# 5.8 — Constexpr and consteval functions

In lesson 5.5 -- Constexpr variables, we introduced the `constexpr` keyword, which we used to create compile-time (symbolic) constants. We also introduced constant expressions, which are expressions that can be evaluated at compile-time rather than runtime.

One challenge with constant expressions is that function call to a normal function are not allowed in constant expressions. This means we cannot use such function calls anywhere a constant expression is required.

Consider the following program:

``````#include <iostream>

int main()
{
constexpr double radius { 3.0 };
constexpr double pi { 3.14159265359 };
constexpr double circumference { 2.0 * radius * pi };

std::cout << "Our circle has circumference " << circumference << "\n";

return 0;
}``````

This produces the result:

```Our circle has circumference 18.8496
```

Having a complex initializer for `circumference` isn’t great (and requires us to instantiate two supporting variables, `radius` and `pi`). So let’s make it a function instead:

``````#include <iostream>

{
constexpr double pi { 3.14159265359 };
return 2.0 * pi * radius;
}

int main()
{
constexpr double circumference { calcCircumference(3.0) }; // compile error

std::cout << "Our circle has circumference " << circumference << "\n";

return 0;
}``````

This code is much cleaner. It also doesn’t compile. Constexpr variable `circumference` requires that its initializer is a constant expression, and the call `calcCircumference()` isn’t a constant expression.

In this particular case, we could make `circumference` non-constexpr, and the program would compile. While we’d lose the benefits of constant expressions, at least the program would run.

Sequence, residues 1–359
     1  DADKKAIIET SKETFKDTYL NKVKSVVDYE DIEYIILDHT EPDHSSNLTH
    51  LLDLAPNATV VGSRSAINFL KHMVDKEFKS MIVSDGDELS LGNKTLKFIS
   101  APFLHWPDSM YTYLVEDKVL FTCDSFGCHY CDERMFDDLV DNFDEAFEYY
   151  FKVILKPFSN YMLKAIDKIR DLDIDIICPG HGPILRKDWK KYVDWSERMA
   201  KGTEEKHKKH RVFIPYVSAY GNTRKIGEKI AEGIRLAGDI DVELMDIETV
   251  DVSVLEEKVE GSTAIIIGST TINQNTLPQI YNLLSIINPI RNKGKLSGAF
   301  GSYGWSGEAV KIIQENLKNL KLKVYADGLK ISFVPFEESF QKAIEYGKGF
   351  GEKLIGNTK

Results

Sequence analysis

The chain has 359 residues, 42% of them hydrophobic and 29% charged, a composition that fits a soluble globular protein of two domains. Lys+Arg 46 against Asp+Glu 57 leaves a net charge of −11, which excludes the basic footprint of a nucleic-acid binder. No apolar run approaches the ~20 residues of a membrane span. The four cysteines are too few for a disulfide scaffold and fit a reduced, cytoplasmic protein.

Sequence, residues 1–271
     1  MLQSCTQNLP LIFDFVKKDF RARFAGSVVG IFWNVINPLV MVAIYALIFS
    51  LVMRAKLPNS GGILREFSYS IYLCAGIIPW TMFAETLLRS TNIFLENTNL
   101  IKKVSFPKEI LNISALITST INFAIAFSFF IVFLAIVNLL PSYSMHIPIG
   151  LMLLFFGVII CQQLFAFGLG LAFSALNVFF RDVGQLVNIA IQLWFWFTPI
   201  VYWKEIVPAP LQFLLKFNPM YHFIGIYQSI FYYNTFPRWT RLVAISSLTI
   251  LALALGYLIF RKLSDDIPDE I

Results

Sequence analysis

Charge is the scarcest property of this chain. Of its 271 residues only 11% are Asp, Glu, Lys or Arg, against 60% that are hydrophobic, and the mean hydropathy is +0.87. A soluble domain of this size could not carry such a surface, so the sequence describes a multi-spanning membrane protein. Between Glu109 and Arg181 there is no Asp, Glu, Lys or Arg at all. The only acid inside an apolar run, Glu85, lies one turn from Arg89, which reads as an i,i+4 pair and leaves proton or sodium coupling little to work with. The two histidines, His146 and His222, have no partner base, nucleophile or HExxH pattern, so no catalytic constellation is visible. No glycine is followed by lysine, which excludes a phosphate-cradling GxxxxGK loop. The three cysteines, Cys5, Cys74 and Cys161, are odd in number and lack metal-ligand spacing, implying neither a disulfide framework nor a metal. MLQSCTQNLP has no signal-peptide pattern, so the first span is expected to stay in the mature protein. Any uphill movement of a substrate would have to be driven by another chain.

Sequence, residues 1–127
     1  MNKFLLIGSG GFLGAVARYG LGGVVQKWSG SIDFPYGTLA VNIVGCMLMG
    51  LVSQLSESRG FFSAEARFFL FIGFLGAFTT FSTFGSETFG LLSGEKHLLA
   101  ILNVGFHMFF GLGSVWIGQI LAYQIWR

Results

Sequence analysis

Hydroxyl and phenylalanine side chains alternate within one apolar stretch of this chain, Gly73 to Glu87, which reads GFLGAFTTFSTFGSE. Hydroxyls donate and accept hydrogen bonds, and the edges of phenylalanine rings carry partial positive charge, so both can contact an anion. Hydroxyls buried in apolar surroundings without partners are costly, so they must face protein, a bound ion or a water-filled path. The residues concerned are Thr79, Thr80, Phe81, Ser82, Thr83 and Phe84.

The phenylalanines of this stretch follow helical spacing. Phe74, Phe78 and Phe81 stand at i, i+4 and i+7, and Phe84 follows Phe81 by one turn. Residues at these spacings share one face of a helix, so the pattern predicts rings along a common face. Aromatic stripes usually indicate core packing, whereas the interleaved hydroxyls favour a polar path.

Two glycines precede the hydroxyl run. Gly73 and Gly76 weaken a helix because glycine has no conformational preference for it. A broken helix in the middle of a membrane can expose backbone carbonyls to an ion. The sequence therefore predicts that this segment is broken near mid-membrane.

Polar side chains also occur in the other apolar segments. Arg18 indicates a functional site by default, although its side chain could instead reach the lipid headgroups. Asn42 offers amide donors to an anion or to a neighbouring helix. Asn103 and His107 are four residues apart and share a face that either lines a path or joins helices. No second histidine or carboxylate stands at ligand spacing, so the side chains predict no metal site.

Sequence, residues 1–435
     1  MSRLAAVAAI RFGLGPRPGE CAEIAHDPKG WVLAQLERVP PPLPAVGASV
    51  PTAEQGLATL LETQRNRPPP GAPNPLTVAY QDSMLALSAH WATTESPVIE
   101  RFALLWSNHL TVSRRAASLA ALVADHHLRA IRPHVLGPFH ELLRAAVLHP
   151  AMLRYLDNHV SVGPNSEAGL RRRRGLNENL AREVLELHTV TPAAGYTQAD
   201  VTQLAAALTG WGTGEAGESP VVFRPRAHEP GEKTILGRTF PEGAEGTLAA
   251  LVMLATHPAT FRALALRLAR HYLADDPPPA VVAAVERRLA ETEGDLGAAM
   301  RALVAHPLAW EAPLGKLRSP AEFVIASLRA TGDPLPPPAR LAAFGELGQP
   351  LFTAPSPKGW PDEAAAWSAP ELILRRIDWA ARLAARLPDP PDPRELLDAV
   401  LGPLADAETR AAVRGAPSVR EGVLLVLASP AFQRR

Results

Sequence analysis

However, there are other cases in C++ (which we’ll introduce in the future) where we do not have alternate options available, and only a constant expression will do. In those cases, we’d really like to be able to use functions, but calls to normal functions just won’t work. So what are we to do?

Constexpr functions can be used in constant expressions

A constexpr function is a function that is allowed to be called in a constant expression.

To make a function a constexpr function, we simply use the `constexpr` keyword in front of the function’s return type.

Key insight

The `constexpr` keyword is used to signal to the compiler and other developers that a function can be used in a constant expression.

Here’s the same example as above, but using a constexpr function:

``````#include <iostream>

constexpr double calcCircumference(double radius) // now a constexpr function
{
constexpr double pi { 3.14159265359 };
return 2.0 * pi * radius;
}

int main()
{
constexpr double circumference { calcCircumference(3.0) }; // now compiles

std::cout << "Our circle has circumference " << circumference << "\n";

return 0;
}``````

Because `calcCircumference()` is now a constexpr function, it can be used in a constant expression, such as the initializer of `circumference`.

Constexpr functions can be evaluated at compile time

In lesson 5.4 -- Constant expressions and compile-time optimization, we noted that in contexts that require a constant expression (such as the initialization of a constexpr variable), a constant expression is required to evaluate at compile-time. If a required constant expression contains a constexpr function call, that constexpr function call must evaluate at compile-time.